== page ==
The UK pork trade in February was more subdued than January. Imports were still higher year-on-year, but export volumes were lower, despite a higher value. This is perhaps indicative of stockpiling efforts by processors preparing for the original Brexit date at the end of March.
Total pig meat imports were up in volume and value. Imports for February reached 74,100 tonnes, up 5% with a value of £179.8 million, up 2%. Fresh/frozen pork drove this change, with shipments up 18% to 37,200 tonnes. Although typically a relatively small component of British pork imports, frozen boneless cuts increased disproportionately. At nearly 5,000 tonnes, volumes more than doubled compared to February last year.
Most of the additional pork came from Germany (+61%, 3,100 tonnes), though shipments from Denmark and Ireland were also higher. However, imports were lower from the Netherlands, France and Italy.
AHDB analyst Bethan Wilkins said: “The value of UK pig meat exports (excl. offal) in February was up 7% year-on-year to £33.1m, but volume was down 5% to 19,400 tonnes. Over 80% of the volume is fresh/frozen pork, and this product followed a similar trend. Volume was down 8% but value up 5% to £23.8m.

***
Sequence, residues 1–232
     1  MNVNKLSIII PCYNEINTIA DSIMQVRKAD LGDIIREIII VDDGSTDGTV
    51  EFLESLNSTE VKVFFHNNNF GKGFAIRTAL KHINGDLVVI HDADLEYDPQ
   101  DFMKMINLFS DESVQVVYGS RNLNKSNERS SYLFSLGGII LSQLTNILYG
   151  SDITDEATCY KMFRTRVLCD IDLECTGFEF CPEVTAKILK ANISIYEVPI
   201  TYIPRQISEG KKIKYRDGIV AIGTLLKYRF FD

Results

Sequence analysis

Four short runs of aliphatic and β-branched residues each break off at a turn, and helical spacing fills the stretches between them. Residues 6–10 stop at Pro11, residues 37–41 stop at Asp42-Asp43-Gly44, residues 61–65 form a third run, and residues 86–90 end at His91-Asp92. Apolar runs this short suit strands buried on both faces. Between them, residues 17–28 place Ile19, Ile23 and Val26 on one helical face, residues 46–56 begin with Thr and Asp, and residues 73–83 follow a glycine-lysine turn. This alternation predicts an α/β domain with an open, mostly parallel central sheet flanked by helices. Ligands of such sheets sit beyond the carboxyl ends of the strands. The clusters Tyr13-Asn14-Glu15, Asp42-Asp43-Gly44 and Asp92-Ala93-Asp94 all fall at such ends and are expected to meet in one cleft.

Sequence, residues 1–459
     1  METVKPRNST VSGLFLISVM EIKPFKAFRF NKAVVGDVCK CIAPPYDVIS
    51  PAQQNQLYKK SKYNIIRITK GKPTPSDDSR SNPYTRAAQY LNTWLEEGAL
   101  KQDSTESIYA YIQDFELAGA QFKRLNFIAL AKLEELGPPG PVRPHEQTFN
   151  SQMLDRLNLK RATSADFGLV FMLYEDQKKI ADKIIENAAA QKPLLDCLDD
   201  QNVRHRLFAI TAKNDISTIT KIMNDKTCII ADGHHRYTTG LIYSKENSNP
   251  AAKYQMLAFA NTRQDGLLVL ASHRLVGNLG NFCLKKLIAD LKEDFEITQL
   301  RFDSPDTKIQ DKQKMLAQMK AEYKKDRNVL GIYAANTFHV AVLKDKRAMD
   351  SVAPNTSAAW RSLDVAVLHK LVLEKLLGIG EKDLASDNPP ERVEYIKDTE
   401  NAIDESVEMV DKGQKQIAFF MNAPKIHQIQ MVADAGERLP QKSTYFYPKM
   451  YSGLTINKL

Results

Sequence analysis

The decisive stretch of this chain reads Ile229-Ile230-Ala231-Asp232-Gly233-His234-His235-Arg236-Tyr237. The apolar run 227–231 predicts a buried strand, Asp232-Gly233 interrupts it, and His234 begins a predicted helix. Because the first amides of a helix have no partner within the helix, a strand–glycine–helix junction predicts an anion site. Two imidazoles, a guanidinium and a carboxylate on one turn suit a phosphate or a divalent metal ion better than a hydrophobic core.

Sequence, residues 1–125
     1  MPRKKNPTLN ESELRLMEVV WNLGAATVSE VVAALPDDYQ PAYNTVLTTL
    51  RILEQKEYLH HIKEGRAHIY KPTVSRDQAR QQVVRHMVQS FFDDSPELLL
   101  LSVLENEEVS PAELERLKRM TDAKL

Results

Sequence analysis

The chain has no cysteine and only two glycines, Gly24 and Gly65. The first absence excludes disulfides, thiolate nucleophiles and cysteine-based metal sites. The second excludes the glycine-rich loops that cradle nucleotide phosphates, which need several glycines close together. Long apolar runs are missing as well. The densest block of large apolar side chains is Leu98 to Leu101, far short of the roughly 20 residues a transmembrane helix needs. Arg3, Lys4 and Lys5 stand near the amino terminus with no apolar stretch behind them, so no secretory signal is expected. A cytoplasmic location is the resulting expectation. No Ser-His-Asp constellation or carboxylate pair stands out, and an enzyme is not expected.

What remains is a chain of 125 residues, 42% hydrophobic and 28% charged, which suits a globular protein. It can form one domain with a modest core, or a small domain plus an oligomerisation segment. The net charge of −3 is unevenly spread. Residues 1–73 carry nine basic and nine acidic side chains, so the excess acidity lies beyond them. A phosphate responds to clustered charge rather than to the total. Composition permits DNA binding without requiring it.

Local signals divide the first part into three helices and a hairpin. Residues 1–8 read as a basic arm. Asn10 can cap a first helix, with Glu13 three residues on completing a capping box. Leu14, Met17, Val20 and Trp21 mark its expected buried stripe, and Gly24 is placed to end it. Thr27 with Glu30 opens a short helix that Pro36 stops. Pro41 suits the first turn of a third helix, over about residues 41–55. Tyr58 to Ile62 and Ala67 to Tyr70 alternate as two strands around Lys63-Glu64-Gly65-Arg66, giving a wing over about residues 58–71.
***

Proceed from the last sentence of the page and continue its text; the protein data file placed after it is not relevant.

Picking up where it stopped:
HMRC data records an unusually large decline in pig meat shipments to Denmark during the month. Volumes were down almost 70% to under 900 tonnes, the lowest volume reported in any month since July 2016.
Ms Wilkins added: “Nonetheless, pork exports to China remain higher than last year. Volumes increased by 28% to 4,000 tonnes. Volumes of pork sent to China, therefore, approached the volume of pork and other pig meat products traded with Ireland, which remained flat at 4,400 tonnes.”
Exports of pig offal for February were up 8% overall at 8,100 tonnes. Value also increased by 5% to £7mn. There was a notable increase of 42% in volumes going to China, reaching 3,900 tonnes. This counteracted a sharp decline in shipments to Hong Kong (-1,000 tonnes). ASF is likely to continue the higher level of exports to China this year.